“It’s simple,” Heller said on Sept. 10. “Members of Congress, their staff, and the administration must play by the same rules as the American taxpayer.
“Those who are responsible for crafting and passing Obamacare, including committee and leadership congressional staff, should be subject to the law as well,” Heller said.
Defenders of the premium payments, including Sen. Harry Reid, D-Nev., said they are no different than what a company pays toward health care for its employees. Reid joined the DC exchange and confirmed he is receiving the federal contribution.
“I’m just like 150 million other people in America,” Reid told a questioner last week. “My employer helps me pay for my health care.”
Besides Reid, Nevada Democratic Reps. Dina Titus and Steven Horsford joined the District of Columbia exchange, according to their offices.
Republican Rep. Joe Heck said he was buying eligible insurance on the private market.
“I’m not going to take the employer match,” he said in a recent interview. “That’s not right. I didn’t come here for health care benefits.”
Republican Rep. Mark Amodei also bought a private health policy for himself, through a Reno insurance broker. Amodei told the Reno Gazette-Journal he did not trust the security of the Washington, D.C. health care exchange website, although he said he would probably enroll in the DC exchange next year.
The deadline for signups was Dec. 9. An informal Washington Post poll early in December showed at least 55 senators were joining the District of Columbia exchange, including Heller.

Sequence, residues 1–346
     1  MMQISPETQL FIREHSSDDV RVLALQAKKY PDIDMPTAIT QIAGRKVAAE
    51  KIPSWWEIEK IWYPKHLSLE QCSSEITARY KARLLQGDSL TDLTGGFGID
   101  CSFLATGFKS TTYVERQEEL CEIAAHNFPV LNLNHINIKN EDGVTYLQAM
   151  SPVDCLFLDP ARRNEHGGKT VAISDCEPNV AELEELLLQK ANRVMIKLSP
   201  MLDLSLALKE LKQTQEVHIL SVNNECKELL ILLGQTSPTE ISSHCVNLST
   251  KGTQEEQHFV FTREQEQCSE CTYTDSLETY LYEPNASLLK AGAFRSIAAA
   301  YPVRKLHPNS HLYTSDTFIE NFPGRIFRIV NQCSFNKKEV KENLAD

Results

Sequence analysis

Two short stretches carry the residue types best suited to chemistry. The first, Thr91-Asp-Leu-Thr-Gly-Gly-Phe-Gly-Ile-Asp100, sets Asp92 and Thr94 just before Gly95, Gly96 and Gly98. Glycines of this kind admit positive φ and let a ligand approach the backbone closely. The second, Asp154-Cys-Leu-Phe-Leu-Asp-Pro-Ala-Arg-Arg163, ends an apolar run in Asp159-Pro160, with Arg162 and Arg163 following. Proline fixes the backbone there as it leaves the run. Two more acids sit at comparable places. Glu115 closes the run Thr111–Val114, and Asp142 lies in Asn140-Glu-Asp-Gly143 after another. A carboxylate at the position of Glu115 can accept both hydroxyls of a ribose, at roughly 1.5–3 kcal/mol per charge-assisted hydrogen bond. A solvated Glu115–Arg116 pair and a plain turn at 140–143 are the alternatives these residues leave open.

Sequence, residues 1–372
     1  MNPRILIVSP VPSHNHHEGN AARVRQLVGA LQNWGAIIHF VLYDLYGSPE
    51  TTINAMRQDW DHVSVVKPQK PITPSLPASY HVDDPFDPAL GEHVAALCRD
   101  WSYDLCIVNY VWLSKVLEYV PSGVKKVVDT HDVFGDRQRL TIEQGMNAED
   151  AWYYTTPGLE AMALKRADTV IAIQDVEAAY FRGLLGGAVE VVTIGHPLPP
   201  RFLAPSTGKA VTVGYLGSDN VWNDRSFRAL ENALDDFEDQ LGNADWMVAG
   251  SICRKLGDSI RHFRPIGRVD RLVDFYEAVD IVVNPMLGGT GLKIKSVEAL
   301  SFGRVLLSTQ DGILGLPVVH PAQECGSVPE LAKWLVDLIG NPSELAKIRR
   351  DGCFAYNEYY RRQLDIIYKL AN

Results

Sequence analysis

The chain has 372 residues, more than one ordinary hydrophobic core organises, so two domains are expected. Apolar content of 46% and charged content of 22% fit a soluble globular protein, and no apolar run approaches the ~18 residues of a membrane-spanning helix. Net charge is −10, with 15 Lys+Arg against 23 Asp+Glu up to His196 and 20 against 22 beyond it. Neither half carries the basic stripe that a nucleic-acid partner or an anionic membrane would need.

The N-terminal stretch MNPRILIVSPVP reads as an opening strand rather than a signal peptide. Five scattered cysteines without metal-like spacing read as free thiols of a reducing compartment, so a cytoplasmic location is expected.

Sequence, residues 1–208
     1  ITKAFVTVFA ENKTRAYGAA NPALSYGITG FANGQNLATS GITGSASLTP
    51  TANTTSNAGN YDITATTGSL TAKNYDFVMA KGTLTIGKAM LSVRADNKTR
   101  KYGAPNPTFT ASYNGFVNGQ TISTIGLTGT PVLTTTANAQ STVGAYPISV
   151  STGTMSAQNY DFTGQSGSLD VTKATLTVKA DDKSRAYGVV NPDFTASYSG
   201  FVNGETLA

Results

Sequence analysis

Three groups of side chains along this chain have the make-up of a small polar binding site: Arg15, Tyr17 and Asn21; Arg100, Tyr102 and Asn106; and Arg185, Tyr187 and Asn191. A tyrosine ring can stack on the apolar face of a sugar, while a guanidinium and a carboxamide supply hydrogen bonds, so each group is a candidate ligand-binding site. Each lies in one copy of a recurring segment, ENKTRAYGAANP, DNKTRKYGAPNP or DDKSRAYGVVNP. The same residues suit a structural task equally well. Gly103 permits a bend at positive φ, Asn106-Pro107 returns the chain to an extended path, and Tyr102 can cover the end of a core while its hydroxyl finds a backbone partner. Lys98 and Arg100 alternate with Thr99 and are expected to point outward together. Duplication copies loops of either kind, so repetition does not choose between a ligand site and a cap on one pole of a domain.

At least 11 other senators were waiving the employer contributions and joining a state-run exchange, according to the Post.
Vitter said in a statement that he enrolled in a health insurance plan on the Louisiana exchange and receives “no subsidy of any kind for it.”
Enzi told the Washington Post he planned to join DC Health Link but waive the employer contribution. It was not clear how that would work. An OPM spokesman said last week that members of Congress not wanting the payment are advised to buy a plan outside the DC exchange.
Three of the four House Republicans in the Colorado delegation, as well as the state’s two Democratic senators, were planning to buy insurance through their home state exchange, the Denver Post reported earlier this month.
Sen. Lindsey Graham, R-S.C., said he bought his insurance through the South Carolina exchange specifically to forgo the federal contribution.
“I don’t think members of Congress should get a special deal,” Graham said. “Obamacare is being pushed on the American people and we should live under it just like everyone else.”
Heller said he will continue to oppose the health care law and remained hopeful Congress will enact changes even if it impacts his coverage.
“If we can change it, if we can make it better, if we can repeal and replace it, all that would be beneficial,” he said. “I’ll follow the law and I’ll continue to follow the law. But that doesn’t mean I can’t try to make it better.”
Contact Stephens Washington Bureau Chief Steve Tetreault at firstname.lastname@example.org or 202-783-1760. Follow @STetreaultDC on Twitter.